Summary: Lessons Not Learned...
Although the Russian-Japanese War of 1904/05 already bore the most significant characteristics of WWI with regard to arms technology, tactics, and operational command and control, the large number of analysts who observed the war very closely on both sides of the front failed to draw the necessary conclusions. Particularly the fight over the stronghold of Port Arthur showed many parallels to WWI trench and attrition warfare.
The Russian-Japanese War showed more than clearly that the categories of space and time requirements were gaining in importance, that fire effectiveness had improved dramatically through the introduction of semi-automatic rifles and machine guns, and that the soldier and his weapon system had to seek best possible cover and concealment in theater. The element of attack -close combat - lost in importance; the artillery no longer fought firing directly from exposed positions but firing indirectly from covered positions, while the duration and intensity of artillery preparations were stepped up rapidly. During the siege of Port Arthur both sides operated with secure flanks, while outflanking on the tactical level was limited to particularly exposed positions and weak points in the defense. All four Japanese offensives against the stronghold were conducted as frontal attacks and failed insofar as the Russian defense was never completely penetrated. However, the forth offensive scored a partial success, as by temporarily taking the Russian outpost positions on the High Mountain, the conditions were laid for destroying the Russian Pacific Fleet. It was defeated by the Japanese Forces in the Sea Battle of Tsushima, even though Moscow had deployed the Baltic Fleet to the Far East as reinforcement, after the initial losses in 1904.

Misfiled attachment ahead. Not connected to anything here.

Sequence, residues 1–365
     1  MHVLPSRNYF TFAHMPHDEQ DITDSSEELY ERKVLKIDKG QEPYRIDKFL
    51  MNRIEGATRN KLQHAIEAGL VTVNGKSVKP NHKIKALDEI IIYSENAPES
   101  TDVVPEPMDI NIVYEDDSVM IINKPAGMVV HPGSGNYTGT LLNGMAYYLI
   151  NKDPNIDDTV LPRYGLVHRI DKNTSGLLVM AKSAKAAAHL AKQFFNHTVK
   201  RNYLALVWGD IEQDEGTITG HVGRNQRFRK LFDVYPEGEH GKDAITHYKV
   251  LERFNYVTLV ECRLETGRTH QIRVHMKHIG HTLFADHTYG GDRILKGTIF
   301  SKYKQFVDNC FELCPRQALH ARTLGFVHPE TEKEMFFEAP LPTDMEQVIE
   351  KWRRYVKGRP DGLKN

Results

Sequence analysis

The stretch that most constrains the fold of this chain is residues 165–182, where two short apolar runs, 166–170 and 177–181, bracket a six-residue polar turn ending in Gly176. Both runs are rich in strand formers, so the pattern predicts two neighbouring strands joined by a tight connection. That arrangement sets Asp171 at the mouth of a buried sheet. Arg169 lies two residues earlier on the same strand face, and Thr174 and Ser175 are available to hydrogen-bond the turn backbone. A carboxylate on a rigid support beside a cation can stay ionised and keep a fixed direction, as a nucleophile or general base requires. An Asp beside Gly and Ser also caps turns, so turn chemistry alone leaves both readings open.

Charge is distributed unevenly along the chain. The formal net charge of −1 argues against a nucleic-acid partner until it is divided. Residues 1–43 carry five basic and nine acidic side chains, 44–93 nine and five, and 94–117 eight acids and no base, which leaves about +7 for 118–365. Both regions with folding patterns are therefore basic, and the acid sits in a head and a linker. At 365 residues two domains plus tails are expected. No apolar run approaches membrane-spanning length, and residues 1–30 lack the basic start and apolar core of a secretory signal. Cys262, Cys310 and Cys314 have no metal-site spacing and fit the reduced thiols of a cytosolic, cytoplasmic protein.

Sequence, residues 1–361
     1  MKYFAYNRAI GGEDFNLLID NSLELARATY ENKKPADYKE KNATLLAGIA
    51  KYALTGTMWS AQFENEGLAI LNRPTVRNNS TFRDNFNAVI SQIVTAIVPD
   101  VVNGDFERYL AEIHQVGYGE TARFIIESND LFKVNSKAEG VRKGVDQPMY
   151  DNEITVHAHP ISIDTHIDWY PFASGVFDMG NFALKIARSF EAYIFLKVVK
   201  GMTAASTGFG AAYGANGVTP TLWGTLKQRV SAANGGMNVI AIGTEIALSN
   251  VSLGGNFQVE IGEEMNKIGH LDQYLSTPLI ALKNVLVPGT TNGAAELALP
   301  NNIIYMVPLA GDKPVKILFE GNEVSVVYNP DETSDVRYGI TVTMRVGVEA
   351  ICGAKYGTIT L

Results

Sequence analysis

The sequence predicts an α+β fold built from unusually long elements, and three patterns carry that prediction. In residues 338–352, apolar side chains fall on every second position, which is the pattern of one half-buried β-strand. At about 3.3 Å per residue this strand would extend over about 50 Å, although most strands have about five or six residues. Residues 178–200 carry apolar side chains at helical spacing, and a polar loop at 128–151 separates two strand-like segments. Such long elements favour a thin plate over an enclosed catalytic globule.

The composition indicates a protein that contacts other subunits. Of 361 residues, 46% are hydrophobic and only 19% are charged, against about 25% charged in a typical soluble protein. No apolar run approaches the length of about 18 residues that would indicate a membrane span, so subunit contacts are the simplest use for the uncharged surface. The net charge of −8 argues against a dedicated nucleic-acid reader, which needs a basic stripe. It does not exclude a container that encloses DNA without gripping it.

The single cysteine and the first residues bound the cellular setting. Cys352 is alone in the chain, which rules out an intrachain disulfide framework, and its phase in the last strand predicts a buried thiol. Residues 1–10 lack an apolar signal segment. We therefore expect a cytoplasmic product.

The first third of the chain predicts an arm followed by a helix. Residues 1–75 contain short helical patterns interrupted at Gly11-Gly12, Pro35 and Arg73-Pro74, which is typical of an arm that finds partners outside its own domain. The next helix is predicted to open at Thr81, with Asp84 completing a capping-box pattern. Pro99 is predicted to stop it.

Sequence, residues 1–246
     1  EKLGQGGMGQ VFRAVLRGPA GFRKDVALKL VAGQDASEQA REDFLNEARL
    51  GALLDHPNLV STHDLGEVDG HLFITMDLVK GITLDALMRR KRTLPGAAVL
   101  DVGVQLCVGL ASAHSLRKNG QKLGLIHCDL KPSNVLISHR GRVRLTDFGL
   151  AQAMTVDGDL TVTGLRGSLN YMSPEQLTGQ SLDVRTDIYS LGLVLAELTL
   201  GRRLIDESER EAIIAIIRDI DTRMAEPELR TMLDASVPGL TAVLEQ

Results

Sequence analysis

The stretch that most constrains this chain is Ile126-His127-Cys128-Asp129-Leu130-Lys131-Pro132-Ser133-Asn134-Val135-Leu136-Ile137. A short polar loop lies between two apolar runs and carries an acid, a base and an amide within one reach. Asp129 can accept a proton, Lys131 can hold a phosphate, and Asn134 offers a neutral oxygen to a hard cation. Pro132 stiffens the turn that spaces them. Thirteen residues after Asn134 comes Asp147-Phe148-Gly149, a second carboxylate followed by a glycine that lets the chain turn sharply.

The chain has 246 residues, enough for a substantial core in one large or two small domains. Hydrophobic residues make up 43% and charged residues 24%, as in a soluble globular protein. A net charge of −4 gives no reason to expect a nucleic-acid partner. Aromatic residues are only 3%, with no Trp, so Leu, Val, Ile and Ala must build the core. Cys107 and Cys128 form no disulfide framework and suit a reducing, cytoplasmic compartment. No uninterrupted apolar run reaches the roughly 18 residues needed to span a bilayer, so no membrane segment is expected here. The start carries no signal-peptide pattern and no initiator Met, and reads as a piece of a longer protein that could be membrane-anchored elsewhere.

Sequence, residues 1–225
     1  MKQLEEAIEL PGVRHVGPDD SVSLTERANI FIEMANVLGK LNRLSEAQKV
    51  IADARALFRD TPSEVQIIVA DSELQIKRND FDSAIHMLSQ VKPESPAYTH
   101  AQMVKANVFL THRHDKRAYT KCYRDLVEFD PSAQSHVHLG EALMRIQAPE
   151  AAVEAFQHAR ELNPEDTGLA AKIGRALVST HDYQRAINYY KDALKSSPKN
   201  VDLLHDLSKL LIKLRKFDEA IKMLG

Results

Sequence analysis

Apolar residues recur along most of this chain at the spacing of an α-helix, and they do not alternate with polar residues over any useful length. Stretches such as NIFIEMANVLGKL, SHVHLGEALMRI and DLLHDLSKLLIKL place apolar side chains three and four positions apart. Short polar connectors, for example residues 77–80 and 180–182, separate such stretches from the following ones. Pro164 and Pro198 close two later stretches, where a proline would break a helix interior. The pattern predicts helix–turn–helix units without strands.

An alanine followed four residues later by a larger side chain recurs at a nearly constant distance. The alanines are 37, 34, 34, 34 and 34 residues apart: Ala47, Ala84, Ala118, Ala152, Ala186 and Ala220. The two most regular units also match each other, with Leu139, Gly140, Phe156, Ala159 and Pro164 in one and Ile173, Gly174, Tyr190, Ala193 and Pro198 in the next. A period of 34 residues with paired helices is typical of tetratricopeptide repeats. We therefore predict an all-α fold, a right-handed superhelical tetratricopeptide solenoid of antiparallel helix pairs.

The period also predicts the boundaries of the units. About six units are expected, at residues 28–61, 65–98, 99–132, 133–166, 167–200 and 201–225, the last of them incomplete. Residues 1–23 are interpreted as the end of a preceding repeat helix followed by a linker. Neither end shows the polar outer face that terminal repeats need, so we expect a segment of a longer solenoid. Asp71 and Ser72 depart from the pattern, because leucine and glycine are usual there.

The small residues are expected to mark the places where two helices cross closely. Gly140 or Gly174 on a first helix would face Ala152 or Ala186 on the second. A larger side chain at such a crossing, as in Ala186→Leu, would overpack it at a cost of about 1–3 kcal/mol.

The Russian-Japanese War could have revealed the importance of frontal offensives for a European battlefield as well as the importance of speedy defensive moves, which led to rigid fronts and attrition battles. Defensive warfare had turned out to be superior to offensive warfare. However, the war observers of the Far East War were over-challenged with such analyses. It would have taken an analysis element within the highest echelons of the military hierarchy in order to stringently incorporate all the results into a doctrine and into arms development.
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